COTD: Hanging it up edition

Illustration for article titled COTD: Hanging it up edition

I promise that after today, our comments of the day for the rest of the week will be as un-serious as possible, but for today the best conversations still involved Dan Wheldon, including Armchair Racer's reaction to The Booth Babe's post on life as a racer's spouse.

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It is a moving piece. However, Dan was a father.

I lost my father when I was 10. The pain is excruciating. It doesn't go away. Time does not heal all wounds. I know what it's like to not have a father and then grow up with a shitty abusive step-father and still have hostility about it 15 years after moving out. All I ever wanted is to have a family that resembles an actual family. I have a great family now with a great wife and 2 wonderful kids. I also realize that I am not the only soul in that has gone through this and would love to hear from others who lost their fathers (or mother) at an early age.

I like seeing your perspective as a wife.... but I would be interested to hear in a few years how Dan's kids feel about it.

It's one thing to do what you do because you don't know how to pay the bills any other way. It's a whole different thing to do what you do because it makes YOU happy. I have a great job but it requires me to sit at a desk all day. I hate sitting at a desk all day and always have but I do it so I can be there for my kids. Sometimes you have to man up and realize that your time to take a high risks has passed. I feel a responsibility to my kids to not let myself race anymore. Truth of the matter is what makes ME happy right now are my kids. Now when they are 20 something assholes, I might consider getting back in that seat.

People prioritize differently I guess. And I am aware that I could die every day in my car on the commute. I am reminded by the guy doing 90 and texting as he zips by me veering from lane to shoulder. The highway is fucking crazy. However, I have always seen it as something of a selfish risk to put your kids in that situation intentionally. You as a wife can if you choose but a child should not have to bury fear every time their dad goes to the races. It's like Clank-o-tron said in an earlier comment, I am not afraid to die but I feel like it's my responsibility to make the right choices so that my kids don't cry because I was doing something that I didn't need to do.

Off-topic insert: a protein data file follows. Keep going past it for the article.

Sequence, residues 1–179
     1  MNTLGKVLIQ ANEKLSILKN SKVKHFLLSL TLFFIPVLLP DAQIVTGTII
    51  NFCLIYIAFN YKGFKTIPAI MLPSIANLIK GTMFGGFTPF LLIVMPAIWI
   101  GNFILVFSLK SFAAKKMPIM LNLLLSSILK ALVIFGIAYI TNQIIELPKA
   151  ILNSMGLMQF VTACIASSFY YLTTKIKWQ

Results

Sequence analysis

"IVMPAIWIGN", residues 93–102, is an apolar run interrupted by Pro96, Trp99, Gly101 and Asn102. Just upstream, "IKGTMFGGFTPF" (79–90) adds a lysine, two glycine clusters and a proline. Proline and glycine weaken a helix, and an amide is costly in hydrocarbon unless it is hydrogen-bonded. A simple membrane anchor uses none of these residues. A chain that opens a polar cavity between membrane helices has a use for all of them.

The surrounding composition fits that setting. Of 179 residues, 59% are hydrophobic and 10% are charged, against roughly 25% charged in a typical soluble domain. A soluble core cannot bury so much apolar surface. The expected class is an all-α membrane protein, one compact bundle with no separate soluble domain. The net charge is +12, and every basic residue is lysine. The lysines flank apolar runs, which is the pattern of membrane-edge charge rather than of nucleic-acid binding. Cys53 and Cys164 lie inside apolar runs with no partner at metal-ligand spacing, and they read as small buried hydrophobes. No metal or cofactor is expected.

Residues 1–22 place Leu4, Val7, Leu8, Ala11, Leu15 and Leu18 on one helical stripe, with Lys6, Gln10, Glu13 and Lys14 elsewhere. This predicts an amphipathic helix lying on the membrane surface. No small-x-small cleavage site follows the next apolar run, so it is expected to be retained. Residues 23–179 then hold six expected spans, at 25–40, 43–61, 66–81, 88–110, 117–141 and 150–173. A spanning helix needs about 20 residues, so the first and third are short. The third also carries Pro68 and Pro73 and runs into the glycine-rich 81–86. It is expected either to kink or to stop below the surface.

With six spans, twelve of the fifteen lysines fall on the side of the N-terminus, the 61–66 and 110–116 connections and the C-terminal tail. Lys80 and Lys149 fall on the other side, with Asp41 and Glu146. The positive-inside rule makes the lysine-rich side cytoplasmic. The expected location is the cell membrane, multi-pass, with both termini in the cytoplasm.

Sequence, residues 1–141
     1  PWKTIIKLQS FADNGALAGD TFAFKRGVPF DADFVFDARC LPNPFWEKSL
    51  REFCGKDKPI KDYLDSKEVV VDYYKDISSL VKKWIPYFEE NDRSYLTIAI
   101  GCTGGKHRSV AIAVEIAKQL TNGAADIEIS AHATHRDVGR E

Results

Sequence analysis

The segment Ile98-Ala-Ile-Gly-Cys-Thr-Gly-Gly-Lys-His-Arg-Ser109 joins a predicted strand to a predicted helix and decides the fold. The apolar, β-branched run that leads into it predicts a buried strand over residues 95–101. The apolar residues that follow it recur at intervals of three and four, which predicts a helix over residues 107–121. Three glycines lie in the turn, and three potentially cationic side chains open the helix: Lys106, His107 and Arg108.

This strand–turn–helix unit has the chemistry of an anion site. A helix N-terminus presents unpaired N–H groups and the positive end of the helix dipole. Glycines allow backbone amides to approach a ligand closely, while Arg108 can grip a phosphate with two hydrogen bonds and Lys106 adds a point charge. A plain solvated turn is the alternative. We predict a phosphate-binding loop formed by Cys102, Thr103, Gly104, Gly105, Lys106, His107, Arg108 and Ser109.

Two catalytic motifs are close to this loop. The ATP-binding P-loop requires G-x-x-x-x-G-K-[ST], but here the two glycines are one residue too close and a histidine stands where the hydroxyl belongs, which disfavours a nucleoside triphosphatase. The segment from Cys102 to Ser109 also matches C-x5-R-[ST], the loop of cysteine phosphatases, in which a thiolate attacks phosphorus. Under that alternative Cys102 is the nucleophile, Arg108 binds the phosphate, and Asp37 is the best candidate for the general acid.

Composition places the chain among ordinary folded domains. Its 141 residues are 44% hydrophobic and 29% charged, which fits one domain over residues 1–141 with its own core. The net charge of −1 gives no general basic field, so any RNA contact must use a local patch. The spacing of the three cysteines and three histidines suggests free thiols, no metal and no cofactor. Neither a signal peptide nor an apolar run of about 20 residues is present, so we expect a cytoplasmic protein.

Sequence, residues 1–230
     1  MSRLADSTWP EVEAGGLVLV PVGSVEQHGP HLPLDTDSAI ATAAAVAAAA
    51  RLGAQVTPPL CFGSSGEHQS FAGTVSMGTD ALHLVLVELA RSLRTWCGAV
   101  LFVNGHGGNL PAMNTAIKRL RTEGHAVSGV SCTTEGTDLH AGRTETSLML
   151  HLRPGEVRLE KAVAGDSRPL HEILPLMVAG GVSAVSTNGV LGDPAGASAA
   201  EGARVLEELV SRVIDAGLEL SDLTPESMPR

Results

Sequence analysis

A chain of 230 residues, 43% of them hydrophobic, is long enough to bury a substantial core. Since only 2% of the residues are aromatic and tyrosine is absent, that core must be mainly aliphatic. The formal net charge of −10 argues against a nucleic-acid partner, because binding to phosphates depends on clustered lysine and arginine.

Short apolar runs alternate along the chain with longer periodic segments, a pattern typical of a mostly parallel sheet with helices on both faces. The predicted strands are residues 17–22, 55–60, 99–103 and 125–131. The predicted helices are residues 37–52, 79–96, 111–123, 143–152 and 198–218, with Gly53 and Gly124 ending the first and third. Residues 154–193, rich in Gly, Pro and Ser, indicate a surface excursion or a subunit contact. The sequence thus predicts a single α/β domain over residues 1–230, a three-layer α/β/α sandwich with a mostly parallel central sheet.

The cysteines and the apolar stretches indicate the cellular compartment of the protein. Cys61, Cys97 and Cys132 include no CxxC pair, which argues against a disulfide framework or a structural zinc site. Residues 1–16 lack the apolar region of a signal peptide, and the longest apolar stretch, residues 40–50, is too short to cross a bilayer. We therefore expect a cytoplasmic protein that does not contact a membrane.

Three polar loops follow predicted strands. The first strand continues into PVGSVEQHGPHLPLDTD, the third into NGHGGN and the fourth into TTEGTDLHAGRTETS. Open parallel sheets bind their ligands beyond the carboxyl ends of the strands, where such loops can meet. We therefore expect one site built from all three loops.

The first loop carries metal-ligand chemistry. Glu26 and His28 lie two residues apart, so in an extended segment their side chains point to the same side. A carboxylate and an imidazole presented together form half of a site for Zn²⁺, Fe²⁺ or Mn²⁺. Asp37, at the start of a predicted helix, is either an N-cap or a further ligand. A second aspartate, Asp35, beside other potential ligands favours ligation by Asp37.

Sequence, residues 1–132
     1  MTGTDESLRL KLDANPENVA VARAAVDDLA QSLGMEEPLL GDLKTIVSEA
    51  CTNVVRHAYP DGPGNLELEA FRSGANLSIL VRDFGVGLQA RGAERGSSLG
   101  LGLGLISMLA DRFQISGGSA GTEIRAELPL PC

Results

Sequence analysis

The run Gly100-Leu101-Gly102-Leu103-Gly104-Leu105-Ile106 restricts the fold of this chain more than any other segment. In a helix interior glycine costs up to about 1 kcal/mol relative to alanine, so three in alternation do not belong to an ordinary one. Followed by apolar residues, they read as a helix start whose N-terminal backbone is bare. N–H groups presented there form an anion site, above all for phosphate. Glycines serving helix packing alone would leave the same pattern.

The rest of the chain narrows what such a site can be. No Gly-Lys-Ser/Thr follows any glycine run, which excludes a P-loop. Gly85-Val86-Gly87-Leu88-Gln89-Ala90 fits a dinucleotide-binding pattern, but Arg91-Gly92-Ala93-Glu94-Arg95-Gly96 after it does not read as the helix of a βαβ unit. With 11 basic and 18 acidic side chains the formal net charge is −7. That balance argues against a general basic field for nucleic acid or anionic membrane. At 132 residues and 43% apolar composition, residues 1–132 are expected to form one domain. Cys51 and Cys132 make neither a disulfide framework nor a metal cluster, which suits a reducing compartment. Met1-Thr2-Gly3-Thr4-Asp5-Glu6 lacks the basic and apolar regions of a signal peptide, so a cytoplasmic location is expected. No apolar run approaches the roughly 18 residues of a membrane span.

Anyone understand where I am coming from here?

Photo: Holly Wheldon via Twitter

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Brian, The Life of

Some say, "When your time comes, it comes no matter what you're doing." Others say, "Life is random; there is no grand plan or expiration dates."

I don't know what the answer is but I do know this: For 363 days a year, I live my life for my family because I know that is how my wife and I have managed to raise 4 extremely well-adjusted teenagers. The other two days I live for me, doing something I've come to love: wheel-to-wheel racing at LeMons :D

Next season I might increase my "me days" to four, if my team decides to take on a second event. Of course, the 24 Hours of LeMons, while arguably more dangerous than the morning/afternoon commute, pales in comparison to Indy or any other form of professional racing, as do my skills in comparison to those professional pilots. That said, we can't live our lives in the constant quest to minimize any potential threat to our person; to do so is to not live but simply exist.

My duty as a father is not only to raise my kids right and protect them from harm but also to live as an example for them; this is especially true for my son. He needs to see me as someone who is living for he and his sisters but also someone who pursues my own dreams and desires. What kind of example am I to him if I do otherwise?